Holy Fossil! Luxury Goods Retailer Is Signaling “All Clear” in Europe
I rarely toot my own horn (the recent “pat on the back” concerning my bearish call on Best Buy (NYSE: BBY) notwithstanding), but I can’t help myself. Over the past three months, I have discussed luxury-goods retailer Fossil (NasdaqGS: FOSL) twice: (1) in a May article discussing the stock’s 38% plunge on lowered European revenue guidance for Q2; and (2) in a June article comparing the company’s business prospects to those of competitor Deckers Outdoors (NasdaqGS: DECK). In both articles, I was bullish on Fossil for several reasons, including insider buying, earnings growth, and lack of interest from short sellers. At the time those bullish articles were published on May 31st and June 25th, Fossil was trading at $73.16 and $74.00, respectively.
As of midday on Tuesday Aug. 7th, the stock is trading at $92.25 — a gain of 25% from those earlier price levels. Pat, pat, pat on the back.
Fossil’s Second-Quarter Earnings Were a Positive Surprise
To be fair, the stock closed yesterday at $69.79, so my bullishness didn’t look too good as recently as yesterday, but everything changed today with release of the company’s second-quarter financial report. Diluted earnings per share of $0.92 blew away analyst estimates of only $0.78. This 14-cent EPS beat in Q2 allowed the company to raise full-year “adjusted” EPS to a range of $5.29 to $5.34 from previous guidance of only $5.28. Since the guide-up is only in the $0.01 to $0.06 range – less than the Q2 beat — one could actually argue that forward guidance for Q3 and Q4 have been lowered, but the market doesn’t care. Investors loved the fact that the company’s sales growth in both Europe and Asia was strong and Europe didn’t slow down as much as feared given the company’s first-quarter cautionary statements.
Europe Isn’t So Bad After All
Back in May, the company said it was “cautious about the European economy and its impact on our financial results,” and had seen “a softening macro environment toward the end of the first quarter.” Now in August, the company reported:
Across each of our geographical segments we experienced acceleration in wholesale sales growth in comparison to our first quarter of 2012.
I emphasize the word “acceleration” because nobody expected European sales to accelerate in the second quarter! First-quarter year-over-year sales growth in Europe was 0.7% ($152.9 million vs. $151.8 million), so given the company’s cautionary statements analysts were betting that Europe comps would turn negative in Q2. Instead, Europe’s comps improved to a 4.2% gain ($147.7 million vs. $141.8 million. As one investment officer characterized the news:
The fear of things collapsing is going away. The recession, which everyone was concerned about a month ago, is not going to happen.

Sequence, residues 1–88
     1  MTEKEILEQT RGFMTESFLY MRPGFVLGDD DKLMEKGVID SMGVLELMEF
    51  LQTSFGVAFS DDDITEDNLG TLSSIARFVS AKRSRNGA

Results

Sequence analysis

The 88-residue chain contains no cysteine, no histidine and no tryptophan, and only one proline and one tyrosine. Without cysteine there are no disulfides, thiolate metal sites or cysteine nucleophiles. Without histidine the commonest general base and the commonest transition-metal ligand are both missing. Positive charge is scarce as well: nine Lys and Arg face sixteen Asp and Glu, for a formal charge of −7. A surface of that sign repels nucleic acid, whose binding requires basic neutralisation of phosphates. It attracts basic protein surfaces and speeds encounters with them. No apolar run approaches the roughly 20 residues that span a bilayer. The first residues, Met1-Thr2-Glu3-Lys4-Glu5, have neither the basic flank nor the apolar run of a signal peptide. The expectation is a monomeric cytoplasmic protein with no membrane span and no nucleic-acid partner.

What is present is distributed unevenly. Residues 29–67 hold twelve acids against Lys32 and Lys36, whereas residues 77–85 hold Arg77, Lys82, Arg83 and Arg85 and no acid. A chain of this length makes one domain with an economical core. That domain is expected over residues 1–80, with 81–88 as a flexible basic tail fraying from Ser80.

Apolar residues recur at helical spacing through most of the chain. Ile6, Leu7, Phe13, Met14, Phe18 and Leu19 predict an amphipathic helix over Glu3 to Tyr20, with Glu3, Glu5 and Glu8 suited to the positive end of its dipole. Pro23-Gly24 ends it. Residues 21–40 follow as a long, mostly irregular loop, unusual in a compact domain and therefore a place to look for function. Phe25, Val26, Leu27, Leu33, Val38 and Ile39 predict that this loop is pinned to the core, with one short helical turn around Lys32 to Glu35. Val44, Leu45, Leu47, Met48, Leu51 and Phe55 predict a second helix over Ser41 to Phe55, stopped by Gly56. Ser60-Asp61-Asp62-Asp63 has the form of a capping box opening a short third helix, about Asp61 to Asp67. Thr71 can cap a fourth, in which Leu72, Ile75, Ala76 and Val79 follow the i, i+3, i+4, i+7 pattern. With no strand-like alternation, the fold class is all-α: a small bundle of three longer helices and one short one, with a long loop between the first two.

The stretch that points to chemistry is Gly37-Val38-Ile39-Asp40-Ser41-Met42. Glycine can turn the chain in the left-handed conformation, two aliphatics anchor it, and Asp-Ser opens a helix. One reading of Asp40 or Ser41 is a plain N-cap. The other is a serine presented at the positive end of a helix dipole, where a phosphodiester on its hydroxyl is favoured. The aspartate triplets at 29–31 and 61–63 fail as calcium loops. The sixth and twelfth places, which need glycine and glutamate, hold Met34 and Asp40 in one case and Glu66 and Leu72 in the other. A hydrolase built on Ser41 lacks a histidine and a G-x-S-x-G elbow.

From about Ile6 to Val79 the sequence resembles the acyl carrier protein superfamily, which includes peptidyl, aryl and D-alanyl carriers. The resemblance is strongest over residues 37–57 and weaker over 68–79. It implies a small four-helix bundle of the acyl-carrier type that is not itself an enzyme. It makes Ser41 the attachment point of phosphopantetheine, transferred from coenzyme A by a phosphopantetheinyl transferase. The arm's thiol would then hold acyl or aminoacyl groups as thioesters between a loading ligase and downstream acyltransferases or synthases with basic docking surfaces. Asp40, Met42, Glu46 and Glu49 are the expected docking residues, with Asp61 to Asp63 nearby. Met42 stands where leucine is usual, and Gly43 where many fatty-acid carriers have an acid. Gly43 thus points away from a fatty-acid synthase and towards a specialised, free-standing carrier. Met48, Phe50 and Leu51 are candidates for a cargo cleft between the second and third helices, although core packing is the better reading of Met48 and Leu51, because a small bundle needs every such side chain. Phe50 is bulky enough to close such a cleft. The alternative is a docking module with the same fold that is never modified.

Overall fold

When a company surprises investors this positively after having previously scared the bejeezus out of them, one would expect the stock price to move up big and Fossil did not disappoint. In fact, on Tuesday the stock jumped 33.9% intraday and closed up 31.5%, experiencing its largest one-day gain since its IPO in April 1993.
Now that’s big!
How much further upside does Fossil have? Interestingly, the top of the trading range on its gap-down day on May 8th was $93.60 and its high price on its gap-up day on August 7th was $93.45. Coincidence? Probably, but given the company’s lowered guidance for full-year 2012 – including a big guide-down for upcoming Q3 – I wouldn’t expect much more in the way of gains until the global economic situation turns positive rather than just stabilizes.
Fossil’s Good News in Europe and Coach’s Bad News in the U.S. Suggest a Rocky Road Ahead
At its current price of $91.82 and expected 2012 adjusted earnings of $5.32, the company’s P/E ratio is not cheap at 17.3, especially given that its operating earnings growth – while positive – amounted to only 2.1% in the just-completed second quarter. Luxury-goods competitor Coach’s (NYSE: COH) recent earnings miss and price plunge (largest price decline in almost 11 years) is a cause for continuing concern regarding the entire sector.
Granted, Coach’s problems focused on “an increasingly promotional environment” in North America and market-share losses to U.S. competitor Michael Kors (NYSE: KORS), but Fossil’s North American exposure is not insignificant at 39% of sales and could be negatively impacted somehow by the aforementioned price competition. Wouldn’t it be ironic if Fossil’s business risk going forward turns out to involve the U.S. and not Europe? Bottom line: investors who jump in now should not expect Fossil stock to return to its April 2012 high price of $139.20 anytime soon.
But for those investors who owned Fossil stock prior to today, a 31.5% one-day gain is quite sufficient, thank you very much.
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